Stepping solo into a consultation can be daunting early in your career. Sometimes you just have to put on a brave face.
After graduating from the Queensland University of Technology in 2014, I began working at Durkin & Black, a group of two independent practices in Toowoomba. I had recently finished clinical placement with the practices and so, had been lucky enough to get a feel for them before starting work.
What appealed to me about Durkin & Black was the variety of consultations, which would give me the opportunity to engage in and explore different modes of practice and in doing so, develop my clinical skills for the future. That variety included complex consultations such as orthokeratology and keratoconic lens fittings, paediatric and behavioural optometry as well as general practice including therapeutics, glasses and normal contact lenses. I have found this variety in clinical practice to be incredibly rewarding – not knowing what you will see in a day can be both exciting and daunting at the same time, however it does keep the days interesting.
I am still not completely certain what enticed me into optometry – when I left school I hadn’t had my eyes tested for a very long time, so although I knew the general premise of what an optometrist did, beyond that I had little idea. I do remember trawling through the booklet of potential university courses and having my interested peaked by it, perhaps it was my keen interest in science and mathematics. Regardless, I took a bit of a leap of faith and it seems to be working out for the best so far.
I have always been quite shy and reserved… and this is what I struggled with most, particularly in the first year after graduation
I have always been quite shy and reserved and have struggled at times with confidence, and this is what I have struggled with the most as an optometrist, particularly in the first year after graduation.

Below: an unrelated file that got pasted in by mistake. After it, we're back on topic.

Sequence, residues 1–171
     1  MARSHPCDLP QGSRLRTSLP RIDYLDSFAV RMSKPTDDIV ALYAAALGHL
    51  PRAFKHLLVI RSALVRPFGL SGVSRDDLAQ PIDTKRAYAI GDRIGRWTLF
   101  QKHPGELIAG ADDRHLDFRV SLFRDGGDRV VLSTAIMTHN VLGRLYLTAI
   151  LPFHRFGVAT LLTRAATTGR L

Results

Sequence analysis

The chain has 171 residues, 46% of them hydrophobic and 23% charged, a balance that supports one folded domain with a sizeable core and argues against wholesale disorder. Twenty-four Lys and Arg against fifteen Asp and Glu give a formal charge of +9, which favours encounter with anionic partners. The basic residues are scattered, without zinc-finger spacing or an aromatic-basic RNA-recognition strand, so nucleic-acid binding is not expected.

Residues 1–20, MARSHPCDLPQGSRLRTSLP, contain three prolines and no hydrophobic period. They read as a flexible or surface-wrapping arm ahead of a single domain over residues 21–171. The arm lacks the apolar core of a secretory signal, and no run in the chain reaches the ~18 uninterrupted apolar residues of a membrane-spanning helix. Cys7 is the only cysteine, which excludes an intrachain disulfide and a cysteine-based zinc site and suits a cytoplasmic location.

Having come from the university clinic, where I was constantly under supervision, it walking into a consultation as a fully independent clinician felt quite daunting. I particularly found it difficult to recommend treatment and retail components to patients; both in the consulting room and when handing over to dispensing staff.
Fortunately, two things in particular helped me through this stage, and one was a very valuable piece of advice that I had received while at university – one of my clinical supervisors, having sensing my reserved personality, told me to simply ‘fake it till I made it’… or rather to bluff my way through until confidence began to come.
I found myself heading into consultations with almost a false bravado and sure enough, my confidence began to improve.
The other thing that assisted me was my fellow optometrists, who were always ready to act as a crutch and provide support or advice as required.
In the future I would like to own a practice, however beyond that, I have no concrete plans. I am still testing and sampling as many aspects of optometry as I can and I believe this will direct my future in optometry.
It is easy at times to be drawn into a sense of monotony, particularly on days that consist almost entirely of prescription checks. I think it is important to remember the effect that a simple pair of glasses can make to a person’s life; from seeing the wonderment of a myopic child with their very first pair of glasses to the elation of a newly diagnosed presbyope, as they excitedly read the smallest of prints, which they had previously thought would be no longer possible. These are the little things that add joy and value to our work as optometrists and definitely make it worthwhile.
Ben Gambrill graduated in Optometry from University of Queensland in 2014 and practices at Durkin & Black in Toowoomba.